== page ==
Then Gail led Retribution (5.10b), which I was psyched to witness. Gail has been working hard on getting out there and leading tougher trad climbs so it was great to see her going for it on a solid 5.10. Retribution has very good gear and a short crux (which I've seen Gail cruise more than once before), but the 5.10 move is a challenge no matter how many times you've done it so leading it is very impressive.
(Photo: The roof, the roof, the roof is on fire! Gail at the ceiling on Retribution (5.10b).)
Retribution felt really casual to me too-- I guess I'll have to keep wearing tights. I was cruising.
(Photo: I'll have what she's having! Gail is psyched to have led Retribution (5.10b).)
By now we'd been in the Uberfall area for a few hours and we'd attracted a certain amount of attention. Our outfits were a constant source of amusement. Some people just stared, some pointed and laughed, and I was later told one climber ran over and took some photos of me while I was leading Apoplexy. (If you're out there, Mr. Photographer, I am happy to receive copies.)
I was surprised by the conversations I had with some of the older climbers. I was previously unaware that there are men out there who are nostalgic for tights. But such men do exist. There was more than one climber who described with fondness the multicolored tights he used to wear, proudly, back in the day. The story usually ended with the tights being mothballed and then thrown away (or burned) by the climber's wife.
Another climber asked me where I'd acquired my striped pants and when I told him the answer (American Apparel), he asked, dumbfounded, "so they sell those for ordinary people to wear, like, not as a joke?"
I suppose they do.
We ran into someone I know, the dad of one of my son's friends in elementary school. He was a big-time Gunkie back when he was younger, but he fell out of it while his kids were little, only recently returning to the climbing game. On Saturday he was in the Gunks with a group and when they first looked over at us he wondered to his friends, "Is that guy serious?" Then he realized who I was and said, "I know that guy!" He came over to make sure I was NOT serious, and then-- like all the other old-timers-- told me with pride about the climbing tights he used to wear. His had little fluorescent lizards all over them.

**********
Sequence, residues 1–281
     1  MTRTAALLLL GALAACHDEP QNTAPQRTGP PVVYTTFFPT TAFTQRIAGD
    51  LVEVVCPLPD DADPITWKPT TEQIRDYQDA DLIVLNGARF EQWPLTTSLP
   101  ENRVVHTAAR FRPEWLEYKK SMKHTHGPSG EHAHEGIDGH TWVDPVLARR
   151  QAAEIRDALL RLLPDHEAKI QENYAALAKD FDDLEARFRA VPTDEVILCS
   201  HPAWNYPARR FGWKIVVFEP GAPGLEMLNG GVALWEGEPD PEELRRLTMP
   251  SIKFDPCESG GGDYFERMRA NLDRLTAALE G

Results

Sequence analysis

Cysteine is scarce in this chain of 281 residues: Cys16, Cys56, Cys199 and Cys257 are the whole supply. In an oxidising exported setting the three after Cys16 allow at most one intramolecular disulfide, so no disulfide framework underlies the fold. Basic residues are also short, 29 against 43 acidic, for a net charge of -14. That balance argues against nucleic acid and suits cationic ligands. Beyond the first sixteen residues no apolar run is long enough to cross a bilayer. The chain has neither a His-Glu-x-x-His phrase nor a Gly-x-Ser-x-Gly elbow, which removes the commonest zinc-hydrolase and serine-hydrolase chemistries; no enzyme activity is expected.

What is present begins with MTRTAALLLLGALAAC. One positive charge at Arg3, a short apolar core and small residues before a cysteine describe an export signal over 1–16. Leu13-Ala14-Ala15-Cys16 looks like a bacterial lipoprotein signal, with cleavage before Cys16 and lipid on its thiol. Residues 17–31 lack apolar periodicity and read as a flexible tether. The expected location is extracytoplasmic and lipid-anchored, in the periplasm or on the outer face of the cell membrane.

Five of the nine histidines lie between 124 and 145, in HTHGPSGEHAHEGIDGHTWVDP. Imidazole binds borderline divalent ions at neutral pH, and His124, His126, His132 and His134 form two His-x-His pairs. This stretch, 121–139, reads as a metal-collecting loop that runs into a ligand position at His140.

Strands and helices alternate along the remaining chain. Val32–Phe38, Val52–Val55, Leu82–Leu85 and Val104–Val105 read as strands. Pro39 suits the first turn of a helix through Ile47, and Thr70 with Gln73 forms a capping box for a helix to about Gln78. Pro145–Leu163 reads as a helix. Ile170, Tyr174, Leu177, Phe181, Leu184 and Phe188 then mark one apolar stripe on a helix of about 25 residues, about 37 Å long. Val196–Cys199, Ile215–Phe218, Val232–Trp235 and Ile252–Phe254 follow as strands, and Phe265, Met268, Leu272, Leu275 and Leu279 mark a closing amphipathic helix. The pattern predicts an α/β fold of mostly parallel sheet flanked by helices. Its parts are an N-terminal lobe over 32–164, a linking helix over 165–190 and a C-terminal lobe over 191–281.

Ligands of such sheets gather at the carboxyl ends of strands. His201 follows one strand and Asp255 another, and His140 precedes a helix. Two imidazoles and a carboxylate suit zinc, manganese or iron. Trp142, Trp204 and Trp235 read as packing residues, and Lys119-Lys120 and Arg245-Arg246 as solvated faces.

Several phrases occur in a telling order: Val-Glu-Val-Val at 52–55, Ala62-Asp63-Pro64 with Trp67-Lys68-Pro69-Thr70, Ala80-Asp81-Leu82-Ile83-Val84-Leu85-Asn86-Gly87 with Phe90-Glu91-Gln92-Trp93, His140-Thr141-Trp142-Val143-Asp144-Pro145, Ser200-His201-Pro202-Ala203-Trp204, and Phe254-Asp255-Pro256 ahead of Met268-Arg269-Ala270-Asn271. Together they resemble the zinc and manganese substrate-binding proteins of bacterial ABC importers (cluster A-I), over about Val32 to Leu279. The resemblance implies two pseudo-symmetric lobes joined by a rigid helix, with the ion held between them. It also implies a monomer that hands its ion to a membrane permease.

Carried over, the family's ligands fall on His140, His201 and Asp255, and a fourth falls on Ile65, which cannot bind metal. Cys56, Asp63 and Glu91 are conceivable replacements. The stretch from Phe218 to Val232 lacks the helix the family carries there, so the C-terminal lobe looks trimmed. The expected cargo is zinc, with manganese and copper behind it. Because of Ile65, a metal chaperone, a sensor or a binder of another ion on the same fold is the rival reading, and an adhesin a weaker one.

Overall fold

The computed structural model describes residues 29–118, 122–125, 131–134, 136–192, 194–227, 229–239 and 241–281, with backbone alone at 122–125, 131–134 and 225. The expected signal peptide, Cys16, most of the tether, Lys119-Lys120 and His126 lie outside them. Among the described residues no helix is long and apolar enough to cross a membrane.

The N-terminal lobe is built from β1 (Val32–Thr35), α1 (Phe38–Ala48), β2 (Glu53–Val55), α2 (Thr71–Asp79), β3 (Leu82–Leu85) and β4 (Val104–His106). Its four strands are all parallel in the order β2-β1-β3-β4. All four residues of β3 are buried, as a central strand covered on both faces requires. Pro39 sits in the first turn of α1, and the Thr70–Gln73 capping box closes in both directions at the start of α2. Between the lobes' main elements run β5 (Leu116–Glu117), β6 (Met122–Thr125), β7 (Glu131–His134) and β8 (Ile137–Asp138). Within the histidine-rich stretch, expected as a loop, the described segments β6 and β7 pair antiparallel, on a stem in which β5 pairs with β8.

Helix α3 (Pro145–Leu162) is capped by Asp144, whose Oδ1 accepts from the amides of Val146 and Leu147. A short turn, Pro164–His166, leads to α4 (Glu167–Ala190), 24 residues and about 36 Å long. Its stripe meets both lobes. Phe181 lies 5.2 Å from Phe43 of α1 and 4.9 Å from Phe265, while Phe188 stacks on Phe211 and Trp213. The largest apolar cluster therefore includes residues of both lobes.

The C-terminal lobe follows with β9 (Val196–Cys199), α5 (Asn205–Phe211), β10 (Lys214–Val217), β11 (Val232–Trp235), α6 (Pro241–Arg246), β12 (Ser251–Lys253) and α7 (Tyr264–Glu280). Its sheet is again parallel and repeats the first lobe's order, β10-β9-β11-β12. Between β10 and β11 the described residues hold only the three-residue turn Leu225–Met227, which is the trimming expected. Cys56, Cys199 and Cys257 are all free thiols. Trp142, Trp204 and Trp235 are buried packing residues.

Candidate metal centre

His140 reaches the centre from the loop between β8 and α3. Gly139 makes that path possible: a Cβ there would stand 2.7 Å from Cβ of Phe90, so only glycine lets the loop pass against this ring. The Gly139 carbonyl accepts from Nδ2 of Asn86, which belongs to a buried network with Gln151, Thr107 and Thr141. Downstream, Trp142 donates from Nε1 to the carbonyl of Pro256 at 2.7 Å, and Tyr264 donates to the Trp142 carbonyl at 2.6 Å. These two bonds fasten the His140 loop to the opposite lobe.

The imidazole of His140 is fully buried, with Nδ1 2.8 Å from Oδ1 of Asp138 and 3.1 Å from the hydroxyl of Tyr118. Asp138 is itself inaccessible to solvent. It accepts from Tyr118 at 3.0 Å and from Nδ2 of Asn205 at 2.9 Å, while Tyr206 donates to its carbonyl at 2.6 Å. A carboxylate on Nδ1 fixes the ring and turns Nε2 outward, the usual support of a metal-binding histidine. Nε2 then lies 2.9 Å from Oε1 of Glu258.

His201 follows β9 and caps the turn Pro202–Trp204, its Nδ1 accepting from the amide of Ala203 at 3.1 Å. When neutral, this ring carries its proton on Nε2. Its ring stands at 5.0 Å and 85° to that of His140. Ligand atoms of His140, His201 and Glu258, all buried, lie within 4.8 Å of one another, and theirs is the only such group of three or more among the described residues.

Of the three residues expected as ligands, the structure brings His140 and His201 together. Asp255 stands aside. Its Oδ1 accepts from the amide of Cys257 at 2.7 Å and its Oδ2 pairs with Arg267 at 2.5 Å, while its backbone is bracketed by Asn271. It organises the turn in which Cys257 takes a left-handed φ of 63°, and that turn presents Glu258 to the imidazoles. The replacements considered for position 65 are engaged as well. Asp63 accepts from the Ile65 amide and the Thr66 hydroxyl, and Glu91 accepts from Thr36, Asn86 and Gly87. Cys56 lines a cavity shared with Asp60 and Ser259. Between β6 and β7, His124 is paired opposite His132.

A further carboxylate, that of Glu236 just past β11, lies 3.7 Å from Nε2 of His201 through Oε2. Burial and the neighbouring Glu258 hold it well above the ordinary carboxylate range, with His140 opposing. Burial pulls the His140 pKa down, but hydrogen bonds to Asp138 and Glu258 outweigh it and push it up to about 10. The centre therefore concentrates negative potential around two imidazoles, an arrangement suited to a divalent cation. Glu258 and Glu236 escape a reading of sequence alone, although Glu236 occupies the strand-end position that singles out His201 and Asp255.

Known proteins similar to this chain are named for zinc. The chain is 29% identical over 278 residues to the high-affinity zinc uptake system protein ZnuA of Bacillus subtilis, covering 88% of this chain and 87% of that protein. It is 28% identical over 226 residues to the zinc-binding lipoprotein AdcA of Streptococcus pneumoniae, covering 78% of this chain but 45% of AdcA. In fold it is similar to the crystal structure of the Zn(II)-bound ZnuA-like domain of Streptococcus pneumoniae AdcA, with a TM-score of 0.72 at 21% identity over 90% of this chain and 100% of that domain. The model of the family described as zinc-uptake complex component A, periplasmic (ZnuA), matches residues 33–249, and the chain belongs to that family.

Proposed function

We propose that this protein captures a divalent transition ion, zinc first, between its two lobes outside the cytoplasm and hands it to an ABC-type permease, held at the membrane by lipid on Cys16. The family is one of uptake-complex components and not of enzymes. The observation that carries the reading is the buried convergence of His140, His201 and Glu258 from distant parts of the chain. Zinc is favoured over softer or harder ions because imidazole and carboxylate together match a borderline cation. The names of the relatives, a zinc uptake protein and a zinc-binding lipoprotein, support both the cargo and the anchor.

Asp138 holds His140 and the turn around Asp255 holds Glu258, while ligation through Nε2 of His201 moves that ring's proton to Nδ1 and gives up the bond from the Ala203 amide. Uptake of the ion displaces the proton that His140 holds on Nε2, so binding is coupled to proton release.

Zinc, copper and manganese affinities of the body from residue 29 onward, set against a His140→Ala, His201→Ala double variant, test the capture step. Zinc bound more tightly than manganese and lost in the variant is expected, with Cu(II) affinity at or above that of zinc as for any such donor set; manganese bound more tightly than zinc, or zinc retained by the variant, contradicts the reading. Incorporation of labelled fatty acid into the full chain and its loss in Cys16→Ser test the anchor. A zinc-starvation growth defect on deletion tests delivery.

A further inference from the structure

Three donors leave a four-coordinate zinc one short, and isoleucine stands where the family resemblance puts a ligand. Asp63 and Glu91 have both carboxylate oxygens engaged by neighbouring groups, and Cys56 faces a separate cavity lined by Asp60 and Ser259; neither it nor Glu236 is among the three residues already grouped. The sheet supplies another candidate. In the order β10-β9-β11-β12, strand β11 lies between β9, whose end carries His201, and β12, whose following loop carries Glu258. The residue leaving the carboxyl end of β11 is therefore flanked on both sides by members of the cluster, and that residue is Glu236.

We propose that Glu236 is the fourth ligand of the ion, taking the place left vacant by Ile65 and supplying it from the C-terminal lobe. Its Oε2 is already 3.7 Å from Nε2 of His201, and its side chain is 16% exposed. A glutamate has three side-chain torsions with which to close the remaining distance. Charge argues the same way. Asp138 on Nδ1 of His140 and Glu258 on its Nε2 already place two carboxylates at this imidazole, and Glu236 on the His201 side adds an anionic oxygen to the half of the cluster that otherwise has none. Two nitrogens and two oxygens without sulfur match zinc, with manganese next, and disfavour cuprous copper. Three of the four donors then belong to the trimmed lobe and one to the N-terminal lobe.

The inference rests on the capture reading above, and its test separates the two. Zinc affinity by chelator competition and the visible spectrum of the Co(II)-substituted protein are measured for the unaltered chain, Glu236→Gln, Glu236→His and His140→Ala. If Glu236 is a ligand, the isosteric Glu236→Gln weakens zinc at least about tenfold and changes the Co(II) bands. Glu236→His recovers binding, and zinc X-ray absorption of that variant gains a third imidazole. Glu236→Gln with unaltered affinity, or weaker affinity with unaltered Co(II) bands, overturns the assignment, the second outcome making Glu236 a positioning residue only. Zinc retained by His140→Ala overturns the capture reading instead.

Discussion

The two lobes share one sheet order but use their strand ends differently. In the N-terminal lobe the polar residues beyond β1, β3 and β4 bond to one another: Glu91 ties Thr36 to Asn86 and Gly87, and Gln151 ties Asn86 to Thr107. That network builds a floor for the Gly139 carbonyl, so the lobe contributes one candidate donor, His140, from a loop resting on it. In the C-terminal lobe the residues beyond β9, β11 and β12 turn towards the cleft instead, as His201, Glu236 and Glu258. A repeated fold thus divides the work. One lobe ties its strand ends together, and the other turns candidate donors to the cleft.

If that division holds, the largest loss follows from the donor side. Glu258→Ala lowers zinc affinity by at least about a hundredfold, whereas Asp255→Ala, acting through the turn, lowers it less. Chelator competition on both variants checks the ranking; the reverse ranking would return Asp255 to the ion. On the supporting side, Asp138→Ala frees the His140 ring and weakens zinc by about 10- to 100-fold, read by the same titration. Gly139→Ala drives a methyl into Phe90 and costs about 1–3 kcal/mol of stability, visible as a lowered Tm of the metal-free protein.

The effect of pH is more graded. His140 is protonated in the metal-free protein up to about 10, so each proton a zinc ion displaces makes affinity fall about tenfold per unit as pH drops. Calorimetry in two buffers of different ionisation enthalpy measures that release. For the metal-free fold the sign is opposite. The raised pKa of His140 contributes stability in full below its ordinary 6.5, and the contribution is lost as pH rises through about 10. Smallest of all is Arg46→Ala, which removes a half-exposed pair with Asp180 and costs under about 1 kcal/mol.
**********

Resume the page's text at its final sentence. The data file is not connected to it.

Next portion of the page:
Just before we left the Uberfall area one climber said to me, "Okay, so the 80's, I get it... but, why?"
I could only answer his question with another question: "Why the hell not?"
It was time to move on. We decided to head on down to the Seasons area. I was considering leading The Winter (5.10d) and Gail wanted to check out Bold-Ville (5.8). We kept the costumes on but went back to our usual rack, including Camalots and Aliens and skinny slings.
(Photo: No one puts Gail in a corner-- except in the Gunks. Here she's on The Nose/Fillipina (5.9-).)
Our chosen climbs were occupied so I decided to lead The Nose/Fillipina (5.9-), a climb I'd done once before in 2011. I remembered that the roof problem at the end of the pitch was really exciting, and it did not disappoint on Saturday. Under the roof there is a very committing move to the right to a finger-sized horizontal. The feet drop away to nothing and you can't see how you're going to surmount the big overhang. It is a thriller. You try to scream, but terror takes the sound before you make it-- and then you just suck it up and make the move and it's all there.
(Photo: Dancing on the ceiling-- Gail at the Fillipina (5.9-) roof.)
Gail then led pitch one of Bold-ville (5.8) and did a great job. (She's got legs; she knows how to use them.) Bold-ville is a favorite of mine; I've done it several times. It is very continuous, with lots of quality moves. Steep reaches past an overhang at the outset lead to some technical moves up a curving corner. There is bomber gear all the way.